Friday, 10/7

We dropped the car off in Lyon and caught the train to Paris, arriving in mid-afternoon at Ana’s house. Dinner was at Le Radis Beurre, which we have loved for a number of years (see previous Paris posts).

Stanley had the poached egg with mushrooms, and I had pig’s feet to start. It’s always on the menu and I order it every time. For mains, I had the Colvert du Chasse (wild mallard duck) and he had the andouillette. Both were superb. For dessert we had the baba and the rice pudding. With a bottle of Vacqueyras, the bill was 125.

Saturday, 10/8

We had originally planned a day trip with Ana and Bertrand to Morey-sur-Loing, but they had an emergency obligation, so we made other plans. We decided to go to Chateau Malmaison (the home of the Empress Josephine), which was easy to reach by train and taxi. It turned out to be quite wonderful and I took many photos.

After the tour of the chateau, we had lunch nearby at La Brasserie du Chateau, which was a fine choice.

To start, I had the oysters and Stanley had the daily special appetizer, a croustillant of camembert. I chose the special main course of tete de veau, and he had the roasted chicken. With a bottle of wine from the Languedoc (25 euros) and coffee, the total was 123.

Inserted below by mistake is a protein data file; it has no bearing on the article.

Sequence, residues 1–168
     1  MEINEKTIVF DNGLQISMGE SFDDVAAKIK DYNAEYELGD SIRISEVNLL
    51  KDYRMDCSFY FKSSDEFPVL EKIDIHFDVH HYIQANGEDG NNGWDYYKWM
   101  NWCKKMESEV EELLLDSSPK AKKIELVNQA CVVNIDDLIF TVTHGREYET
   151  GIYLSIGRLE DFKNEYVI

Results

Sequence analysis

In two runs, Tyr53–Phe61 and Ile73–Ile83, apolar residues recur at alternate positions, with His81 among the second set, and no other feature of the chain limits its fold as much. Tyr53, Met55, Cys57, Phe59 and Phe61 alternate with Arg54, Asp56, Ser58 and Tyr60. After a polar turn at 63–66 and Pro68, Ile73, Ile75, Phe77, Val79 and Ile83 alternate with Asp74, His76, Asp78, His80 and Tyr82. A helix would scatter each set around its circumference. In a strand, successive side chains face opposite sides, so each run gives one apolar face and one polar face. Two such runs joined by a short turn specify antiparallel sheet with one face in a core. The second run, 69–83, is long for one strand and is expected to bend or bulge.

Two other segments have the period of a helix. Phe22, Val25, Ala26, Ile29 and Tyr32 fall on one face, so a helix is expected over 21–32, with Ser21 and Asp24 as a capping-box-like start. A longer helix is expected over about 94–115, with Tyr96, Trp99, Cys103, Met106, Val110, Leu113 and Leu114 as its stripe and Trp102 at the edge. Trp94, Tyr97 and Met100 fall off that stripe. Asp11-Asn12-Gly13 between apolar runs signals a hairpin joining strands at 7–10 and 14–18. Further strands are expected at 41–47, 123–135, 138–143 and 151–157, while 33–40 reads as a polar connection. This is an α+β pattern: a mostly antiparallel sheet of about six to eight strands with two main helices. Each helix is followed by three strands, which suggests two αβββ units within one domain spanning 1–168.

Dinner was at La Condesa (see my post from 2018).

The restaurant has moved up the street, and was a bit difficult to find as there is no sign. The chef, Indra Carillo, who is Mexican, now has a Michelin star, and the price, of course, has gone up.

The six-course prix-fixe dinner is 120 euros. As before, there is no printed menu. The servers describe the dishes as they are served. I jotted down the descriptions as best I could. This is a rough idea of what we ate:

An assortment of amuses-bouche

Lieu jaune (yellow pollock) served raw with pickled vegetables

Corn ravioli with grilled miniature corn in a corn broth

Lotte (monkfish) with hibiscus

Pigeon and its liver, with red cabbage

Pumpkin and banana

Coffee cream (similar to tiramisu)


The food was delicious and creative. With water and a bottle of Saint-Joseph for 51, the total was just over 300 euros.

Sunday, 10/9

As always when we visit Ana and Bertrand, we spent Sunday at home, and Stanley and I cooked. Ana and I went to the farmers’ market in La Varenne and bought all the food. For the big afternoon meal, we got rabbit legs, which I braised and served with a mustard cream sauce, carrots and tagliatelle. Also, escargot for an appetizer. We stopped into a bakery and picked up four individual cakes, like a tiramisu covered in chocolate. One of the wonderful things about shopping for food in France is that you can get parts of almost any animal, such as rabbit legs, as opposed to at home where we can only buy a whole rabbit.

For the smaller evening meal we bought skate, which I prepared in my usual way, with a sauce of basil, parsley and lime, served with basmati rice and sauteed cherry tomatoes. Bertrand made an appetizer of sardine filets.

Monday, 10/10